In this article we will discuss about the arrangements of tissues in leaves.
Leaves are generally flat organs and to differentiate the two surfaces different terms are used. The surface that faces the stem upwardly is designated as upper surface or adaxial surface whereas the other surface is the lower or abaxial surface. Anatomically a leaf comprises the usual three main tissues systems-the dermal system, the ground tissue and the vascular system.
The dermal system consists of upper and lower epidermises, the ground tissue comprises the mesophyll and the vascular system is represented by vascular bundles that form the veins in a leaf.
A cross section of leaf reveals the followings (Fig. 18.3):
(i) Upper or adaxial epidermis;
(ii) Mesophyll where at the central region the vascular bundles appear to be embedded, and
(iii) Lower or abaxial epidermis.
Epidermis (abaxial and adaxial):
Usually the epidermis is uniseriate, but the leaves of Ficus, Piper and Nerium have multiseriate epidermis where the number of layers of cells varies from two to 16. It is regarded that the multiple epidermis protects the inner mesophyll from desiccation. In the leaves where both epidermises are multiseriate the adaxial epidermis consists of more number of layer of cells than abaxial one.
In multiple abaxial epidermis a sub-stomatal cavity is present (e.g. Piper), which is a space between the guard cells and mesophyll. In Nerium abaxial epidermis is multiseriate and the stomata are present in stomatal crypts only where the epidermis is uniseriate.
Stomata may occur either on the adaxial (e.g. Nymphaea) or abaxial (e.g. Ficus) or both surfaces. Their positions in relation to other epidermal cells may be either at the same level or raised above or sunken (e.g. Hakea) or restricted to stomatal crypts (e.g. Nerium).
Usually epidermal cells are devoid of chloroplastids except the guard cells, but in aquatic plants like Ranunculus, Phyllospadix etc. chloroplastids occur in the epidermal cells. In the epidermis glandular or non-glandular hairs, crystals, cystoliths may occur. The epidermal cell walls usually contain cutin, occasionally lignin and wax.
Ground tissue of a leaf is the mesophyll that lies internal to epidermises. Mesophyll consists of parenchyma cells. In mesophytic dicotyledons these parenchyma cells are of two types: palisade parenchyma and spongy parenchyma.
In transverse section of leaf the cells of palisade parenchyma are cylindrical, elongated or rod shaped. They are densely packed together and may be arranged in one or more rows. In longitudinal section of a leaf these cells appear as spherical and either separated or slightly attached to each other.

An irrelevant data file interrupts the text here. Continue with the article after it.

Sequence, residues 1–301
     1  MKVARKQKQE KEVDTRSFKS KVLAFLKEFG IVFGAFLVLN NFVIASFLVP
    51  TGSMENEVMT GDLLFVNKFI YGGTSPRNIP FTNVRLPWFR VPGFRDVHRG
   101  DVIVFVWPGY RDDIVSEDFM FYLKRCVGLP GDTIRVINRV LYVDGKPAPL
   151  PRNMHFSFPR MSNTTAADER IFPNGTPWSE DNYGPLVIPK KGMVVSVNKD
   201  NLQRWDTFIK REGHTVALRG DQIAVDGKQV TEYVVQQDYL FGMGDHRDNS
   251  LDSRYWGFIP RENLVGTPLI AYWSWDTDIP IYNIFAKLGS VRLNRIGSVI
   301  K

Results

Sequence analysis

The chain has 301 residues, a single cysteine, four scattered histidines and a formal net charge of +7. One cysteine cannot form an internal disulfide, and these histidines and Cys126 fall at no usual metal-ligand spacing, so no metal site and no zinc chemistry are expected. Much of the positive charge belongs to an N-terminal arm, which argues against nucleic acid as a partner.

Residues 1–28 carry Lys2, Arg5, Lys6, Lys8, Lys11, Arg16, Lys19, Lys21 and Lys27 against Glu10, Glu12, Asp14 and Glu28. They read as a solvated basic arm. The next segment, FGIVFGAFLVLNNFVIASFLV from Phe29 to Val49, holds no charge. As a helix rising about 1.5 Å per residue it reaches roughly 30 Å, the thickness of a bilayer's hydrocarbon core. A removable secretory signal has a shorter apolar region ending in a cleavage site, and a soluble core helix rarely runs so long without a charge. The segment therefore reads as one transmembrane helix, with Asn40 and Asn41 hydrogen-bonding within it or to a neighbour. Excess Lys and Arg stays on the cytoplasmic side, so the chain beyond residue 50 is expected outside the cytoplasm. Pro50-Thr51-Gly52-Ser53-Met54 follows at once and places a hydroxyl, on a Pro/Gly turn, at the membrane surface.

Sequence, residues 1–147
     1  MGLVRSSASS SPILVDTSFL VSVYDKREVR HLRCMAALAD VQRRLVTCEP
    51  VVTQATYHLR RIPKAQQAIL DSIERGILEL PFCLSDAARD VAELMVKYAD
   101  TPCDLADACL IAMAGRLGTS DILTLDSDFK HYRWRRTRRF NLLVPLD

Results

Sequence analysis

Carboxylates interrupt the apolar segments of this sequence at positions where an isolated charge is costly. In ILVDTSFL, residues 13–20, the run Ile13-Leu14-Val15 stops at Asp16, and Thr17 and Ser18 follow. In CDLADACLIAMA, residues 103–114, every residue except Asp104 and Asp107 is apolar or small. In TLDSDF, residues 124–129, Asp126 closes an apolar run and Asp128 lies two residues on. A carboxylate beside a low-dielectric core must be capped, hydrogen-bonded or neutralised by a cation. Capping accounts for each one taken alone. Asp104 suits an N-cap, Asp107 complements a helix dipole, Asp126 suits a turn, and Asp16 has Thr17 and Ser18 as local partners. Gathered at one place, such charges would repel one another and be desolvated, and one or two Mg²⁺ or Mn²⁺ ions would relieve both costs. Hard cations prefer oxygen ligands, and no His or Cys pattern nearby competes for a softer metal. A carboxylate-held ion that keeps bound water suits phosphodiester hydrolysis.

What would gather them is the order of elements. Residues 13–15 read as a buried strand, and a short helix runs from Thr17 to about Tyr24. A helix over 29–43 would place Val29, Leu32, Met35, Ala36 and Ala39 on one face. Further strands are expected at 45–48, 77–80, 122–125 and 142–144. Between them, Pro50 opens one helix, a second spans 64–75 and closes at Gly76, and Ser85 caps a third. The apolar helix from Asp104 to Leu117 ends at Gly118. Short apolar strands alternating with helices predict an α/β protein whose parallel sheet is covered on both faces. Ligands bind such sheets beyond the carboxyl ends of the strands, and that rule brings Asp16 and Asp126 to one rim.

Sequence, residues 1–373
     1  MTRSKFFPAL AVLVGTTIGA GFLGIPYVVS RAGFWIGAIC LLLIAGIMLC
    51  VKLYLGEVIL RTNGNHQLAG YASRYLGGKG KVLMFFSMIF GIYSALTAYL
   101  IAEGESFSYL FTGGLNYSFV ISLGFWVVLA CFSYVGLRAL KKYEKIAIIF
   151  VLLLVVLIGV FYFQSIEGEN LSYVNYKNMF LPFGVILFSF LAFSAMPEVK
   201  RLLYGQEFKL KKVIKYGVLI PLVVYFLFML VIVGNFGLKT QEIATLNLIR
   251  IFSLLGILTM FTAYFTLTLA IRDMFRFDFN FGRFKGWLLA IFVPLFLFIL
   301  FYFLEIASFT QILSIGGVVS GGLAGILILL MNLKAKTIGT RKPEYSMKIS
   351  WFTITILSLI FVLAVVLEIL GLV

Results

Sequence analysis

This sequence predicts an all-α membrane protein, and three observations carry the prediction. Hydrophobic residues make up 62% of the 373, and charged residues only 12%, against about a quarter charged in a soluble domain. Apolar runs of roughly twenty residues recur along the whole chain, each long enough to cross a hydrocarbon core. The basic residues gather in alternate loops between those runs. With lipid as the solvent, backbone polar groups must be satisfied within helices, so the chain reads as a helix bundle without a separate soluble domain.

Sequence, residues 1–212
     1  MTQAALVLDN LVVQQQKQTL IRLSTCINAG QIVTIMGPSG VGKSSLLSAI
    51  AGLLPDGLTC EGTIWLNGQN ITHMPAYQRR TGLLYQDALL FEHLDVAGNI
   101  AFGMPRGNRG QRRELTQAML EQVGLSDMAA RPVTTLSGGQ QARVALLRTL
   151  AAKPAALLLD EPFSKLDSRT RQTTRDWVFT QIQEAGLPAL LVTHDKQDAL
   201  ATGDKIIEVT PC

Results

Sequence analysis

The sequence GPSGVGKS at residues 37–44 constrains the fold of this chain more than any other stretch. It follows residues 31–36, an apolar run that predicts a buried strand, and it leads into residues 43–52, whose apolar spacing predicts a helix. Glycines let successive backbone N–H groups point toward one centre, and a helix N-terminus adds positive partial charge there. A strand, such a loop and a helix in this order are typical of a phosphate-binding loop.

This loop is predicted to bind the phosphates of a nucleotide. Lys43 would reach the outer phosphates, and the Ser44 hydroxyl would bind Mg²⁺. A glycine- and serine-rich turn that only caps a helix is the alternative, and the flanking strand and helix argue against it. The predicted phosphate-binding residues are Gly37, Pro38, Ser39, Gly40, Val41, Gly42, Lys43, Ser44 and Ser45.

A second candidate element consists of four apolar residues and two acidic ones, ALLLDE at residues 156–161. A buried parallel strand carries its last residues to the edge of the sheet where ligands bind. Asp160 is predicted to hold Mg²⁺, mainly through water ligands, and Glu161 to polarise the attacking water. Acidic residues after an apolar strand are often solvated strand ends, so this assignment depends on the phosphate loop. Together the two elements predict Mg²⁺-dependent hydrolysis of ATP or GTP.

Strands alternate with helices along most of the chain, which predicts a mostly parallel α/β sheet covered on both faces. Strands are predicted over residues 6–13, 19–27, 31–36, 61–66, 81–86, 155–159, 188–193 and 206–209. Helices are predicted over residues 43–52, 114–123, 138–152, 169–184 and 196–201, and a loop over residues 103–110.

Each palisade cell contains abundant chloroplasts. The palisade cells are usually present immediately below the adaxial uniseriate or multiple epidermis, but sometimes the epidermis and palisade may be separated by the presence of hypodermis. Though palisade occurs on the adaxial side only, the leaves of Thymelaea have abaxial palisade.
Palisade parenchyma is present on both adaxial and abaxial sides in the leaf of Dianthus, Atriplex, and Artemisia etc. In these plants spongy parenchyma occurs in the form of strips at the centre of lamina. A leaf is said to be isobilateral or isolateral when palisade parenchyma occurs on both adaxial and abaxial surface.
Usually monocotyledonous leaves belong to this category, and the abaxial palisade cells are less developed. The cylindrical leaves of Hakea have palisade tissue situated all round the periphery. When the palisade parenchyma occurs on the adaxial surface only the leaf is termed as dorsiventral or bifacial.
Spongy mesophyll occurs in the abaxial surface of a dorsiventral leaf and may be of various shapes. They may be elongated resembling the palisade or spherical or irregular. The cells contain abundant chloroplastids and are arranged in such a manner that there occur large intercellular spaces.
Vascular bundles are situated at the central region of a leaf and they have inverse orientation of vascular tissues in contrast to stem. Xylem and phloem occur respectively on adaxial and abaxial surface.
In some monocotyledons (Cyperus, Saccharum, Zea etc.) the vascular bundles are surrounded by parenchyma cells that are morphologically distinguishable from adjacent mesophyll cells. They are usually larger, thick walled and may contain fewer chloroplasts.
This sheath of parenchyma around the vascular bundle of a leaf is termed as bundle sheath. These cells are concerned in conduction and storing of food materials.
The bundle sheath is regarded either as endodermis due to occasional occurrence of casparian strips or as starch sheath, since these cells sometimes contain starch. Later study with improved techniques reveals that the C4-dicarboxylic acid pathway, known as Hatch-Slack pathway occurs in the cells of bundle sheath.